The Word Guild recently announced the winners of the 2014 Word Awards (you can read the whole list here: https://thewordguild.com/2014-award-winners-announced). My congratulations go out to all those who either won or were shortlisted. Over the last few years, I’ve had a chance to interview a number of them and, without reservation, can say they deserve the accolades they’ve received.
The announcement reminds me, though, of my own love/hate relationship with awards.
It’s not because I’ve never won an award. During my three-decade-long career as a journalist, I’ve entered, been nominated for, or placed, in awards from the Alberta Christian Writers’ Fellowship (now the Inscribe Christian Writers’ Fellowship), God Uses Ink, The Word Guild and the Canadian Church Press, the Guelph Mercury Christmas Story Contest, Word Alive Press Publishing Contest, Fellowship of Christian Newspapers Awards and City of Edmonton Book Award.
And I’ve seen awards from three sides: as an entrant, as a judge and as a co-ordinator.
But I’m still ambivalent.
First, the hate. Awards can provide a writer with the biggest letdown possible. I’ve been shortlisted for an award and attended the ceremony. I’ve sat on the edge of my seat, waiting for my name to be called (try doing that in a kilt at a formal award ceremony) and then watching as another writer walks down the aisle to collect their award.
The feeling of impending loss is even more devastating when you’ve been given the evening’s program and you see who has been nominated in the same category. I can recall at least two times when I looked at that list, that I realized I was coming away with an honourable mention. And, to be honest, the works which were awarded, were better than mine.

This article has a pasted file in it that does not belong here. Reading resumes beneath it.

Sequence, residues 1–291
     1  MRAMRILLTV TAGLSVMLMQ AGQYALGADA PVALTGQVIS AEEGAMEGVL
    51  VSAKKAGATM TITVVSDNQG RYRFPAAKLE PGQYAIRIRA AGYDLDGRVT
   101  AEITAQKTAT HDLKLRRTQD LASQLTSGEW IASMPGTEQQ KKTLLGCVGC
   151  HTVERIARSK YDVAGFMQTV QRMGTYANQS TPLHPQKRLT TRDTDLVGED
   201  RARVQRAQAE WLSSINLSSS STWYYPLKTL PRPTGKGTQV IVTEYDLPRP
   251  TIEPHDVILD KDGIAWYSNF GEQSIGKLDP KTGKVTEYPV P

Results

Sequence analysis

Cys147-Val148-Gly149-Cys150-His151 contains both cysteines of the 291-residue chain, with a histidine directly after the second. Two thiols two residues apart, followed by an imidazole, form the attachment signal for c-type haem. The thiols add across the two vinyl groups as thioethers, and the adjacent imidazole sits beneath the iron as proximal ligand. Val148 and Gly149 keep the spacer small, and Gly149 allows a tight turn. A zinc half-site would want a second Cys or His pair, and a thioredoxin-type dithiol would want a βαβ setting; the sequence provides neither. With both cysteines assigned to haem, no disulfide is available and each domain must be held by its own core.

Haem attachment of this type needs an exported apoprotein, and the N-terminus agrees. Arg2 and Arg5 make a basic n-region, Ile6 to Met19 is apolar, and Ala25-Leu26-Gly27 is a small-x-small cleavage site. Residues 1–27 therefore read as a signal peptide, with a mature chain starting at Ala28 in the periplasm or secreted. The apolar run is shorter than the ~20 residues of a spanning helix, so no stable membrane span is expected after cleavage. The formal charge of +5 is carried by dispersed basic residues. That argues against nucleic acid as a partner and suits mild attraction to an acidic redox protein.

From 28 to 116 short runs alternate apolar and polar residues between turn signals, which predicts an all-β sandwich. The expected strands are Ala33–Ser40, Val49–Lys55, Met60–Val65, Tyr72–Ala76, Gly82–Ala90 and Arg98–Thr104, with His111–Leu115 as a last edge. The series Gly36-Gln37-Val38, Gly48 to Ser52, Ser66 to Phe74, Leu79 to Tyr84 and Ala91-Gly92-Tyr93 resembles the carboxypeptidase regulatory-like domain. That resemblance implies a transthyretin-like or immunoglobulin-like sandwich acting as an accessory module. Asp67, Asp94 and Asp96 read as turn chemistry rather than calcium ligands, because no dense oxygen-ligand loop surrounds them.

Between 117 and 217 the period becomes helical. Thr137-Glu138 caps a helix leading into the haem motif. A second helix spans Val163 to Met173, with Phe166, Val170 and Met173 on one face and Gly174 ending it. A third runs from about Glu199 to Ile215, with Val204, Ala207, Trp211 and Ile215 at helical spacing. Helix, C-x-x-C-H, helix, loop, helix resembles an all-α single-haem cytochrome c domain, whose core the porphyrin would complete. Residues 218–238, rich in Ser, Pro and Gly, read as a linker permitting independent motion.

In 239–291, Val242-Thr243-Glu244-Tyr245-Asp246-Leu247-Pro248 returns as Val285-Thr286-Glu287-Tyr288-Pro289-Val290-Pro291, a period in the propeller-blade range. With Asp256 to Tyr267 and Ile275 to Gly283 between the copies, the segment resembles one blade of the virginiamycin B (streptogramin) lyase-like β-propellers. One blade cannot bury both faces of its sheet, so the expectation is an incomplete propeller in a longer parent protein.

I can’t let either a win justify or a loss negate my worth as a writer.
Topping off rejection experience at the award ceremonies are the emotions that arise from reading the judges’ comments about your entry. I’ve often wondered if the judges read the same piece I’d written, based on their feedback. At time it feels like you’re going through the five stages of grief in a matter of seconds because the heart and soul you put into your work has been ripped from your chest.
But, then there are the years when you’ve actually won, which brings the love. I recall, at one awards ceremony, sitting behind a writer whose name was called for one of the organization’s major awards. At first the writer sat in disbelief before saying “that’s me!” And in an instance, they were running towards the podium and tried to catch their breath to offer words of thanks and acknowledgement.
Winning an award, for many writers, seems like a validation of their choice to spend hour upon hour staring at a blank computer screen, fingers poised over the keyboard as they sweat drops of blood until words appear on the screen.
Even an honourable mention can be seen as a partial validation and the hope that, with a little more improvement, the bigger prize can be theirs.
Despite my ambivalence toward awards, what I have learned over the years is that I can’t let awards define me. I can’t let either a win justify or a loss negate my worth as a writer. Those of us who can’t not write know that awards are nice, but in the morning we’ll be back facing that blank screen, waiting for the words to fill it.